The public heckling of key Victory Front (FpV) politician Carlos Zannini has sparked national conversation about escraches — a word that has no real English translation but its verb form, escrachar, means to negatively expose or publicly accuse someone in order to humiliate them by making their actions known.
Now, a new video made by the Macri-sympathizing group “La Solano Lima” is circulating and puts the spotlight on escraches, although not in the way you might think. (It should be noted that Macri’s government itself has publicly rejected Zannini’s escraches and voiced its opposition to the practice.) The video is named “Eskrache” (“escrache” with a “K” for “Kirchner”) in order to mock what they see as the justified harassment of Kirchnerite politicians and sympathizers. See for yourselves:
You can hear the following lyrics: “¿Y qué esperaban, que los aplaudan, que los alienten con palmaditas sobre la espalda? ¿Y qué esperaban un monumento? No haría falta porque su cara ya es de cemento.” These translate to: “And what did they expect, that they would be applauded, that they would be cheered and patted on the back? And did they expect a monument? That wouldn’t be necessary, because [Cristina’s] face is already made of cement [Botox shade].”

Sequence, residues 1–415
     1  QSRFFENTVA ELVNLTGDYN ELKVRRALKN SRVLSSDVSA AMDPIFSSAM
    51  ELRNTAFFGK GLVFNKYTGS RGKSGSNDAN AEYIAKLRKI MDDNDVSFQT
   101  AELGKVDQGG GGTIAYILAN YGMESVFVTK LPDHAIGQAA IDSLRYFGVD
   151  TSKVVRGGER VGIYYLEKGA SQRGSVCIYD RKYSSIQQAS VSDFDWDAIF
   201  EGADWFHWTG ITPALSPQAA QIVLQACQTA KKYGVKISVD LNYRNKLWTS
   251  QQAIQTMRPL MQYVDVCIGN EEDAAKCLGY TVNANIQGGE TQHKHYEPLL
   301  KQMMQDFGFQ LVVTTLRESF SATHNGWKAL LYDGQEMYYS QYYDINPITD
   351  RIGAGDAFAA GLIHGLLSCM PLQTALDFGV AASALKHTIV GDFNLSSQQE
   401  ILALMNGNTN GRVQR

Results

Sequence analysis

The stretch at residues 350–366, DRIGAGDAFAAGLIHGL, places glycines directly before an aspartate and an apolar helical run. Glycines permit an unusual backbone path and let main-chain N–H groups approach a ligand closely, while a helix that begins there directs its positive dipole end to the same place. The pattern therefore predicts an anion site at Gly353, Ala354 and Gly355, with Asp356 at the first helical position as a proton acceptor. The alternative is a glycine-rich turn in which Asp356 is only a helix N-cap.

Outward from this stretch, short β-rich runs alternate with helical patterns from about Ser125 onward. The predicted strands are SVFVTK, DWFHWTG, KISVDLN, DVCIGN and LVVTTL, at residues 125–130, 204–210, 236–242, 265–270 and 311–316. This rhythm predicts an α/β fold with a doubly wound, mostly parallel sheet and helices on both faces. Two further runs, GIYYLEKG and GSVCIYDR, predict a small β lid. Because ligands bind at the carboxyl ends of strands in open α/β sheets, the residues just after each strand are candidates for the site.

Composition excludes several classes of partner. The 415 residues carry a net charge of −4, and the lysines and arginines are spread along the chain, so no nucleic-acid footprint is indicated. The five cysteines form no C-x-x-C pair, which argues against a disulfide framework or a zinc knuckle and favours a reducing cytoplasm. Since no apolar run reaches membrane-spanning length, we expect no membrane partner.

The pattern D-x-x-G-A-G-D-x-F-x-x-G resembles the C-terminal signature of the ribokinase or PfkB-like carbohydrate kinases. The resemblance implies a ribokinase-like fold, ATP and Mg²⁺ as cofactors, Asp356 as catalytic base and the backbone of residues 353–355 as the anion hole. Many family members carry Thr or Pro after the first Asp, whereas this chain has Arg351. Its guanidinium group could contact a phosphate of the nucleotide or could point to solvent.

Ouch. The video ends with with an image of former President Cristina Fernández de Kirchner cackling, accompanied by the end to the oddly cheery and catchy song.
Many former Kirchnerite public officials (who are still members of the FpV) are currently embroiled in legal battles over a variety of corruption scandals. But while anger should be expected from Argentines, escraches should not. Yes, there are several corrupt political figures walking among our streets, but humiliating them will hardly change the status quo of the country and really does everyone a disservice. Methods of protest should ideally evolve into a more specific, progressive and goal-oriented type of activism.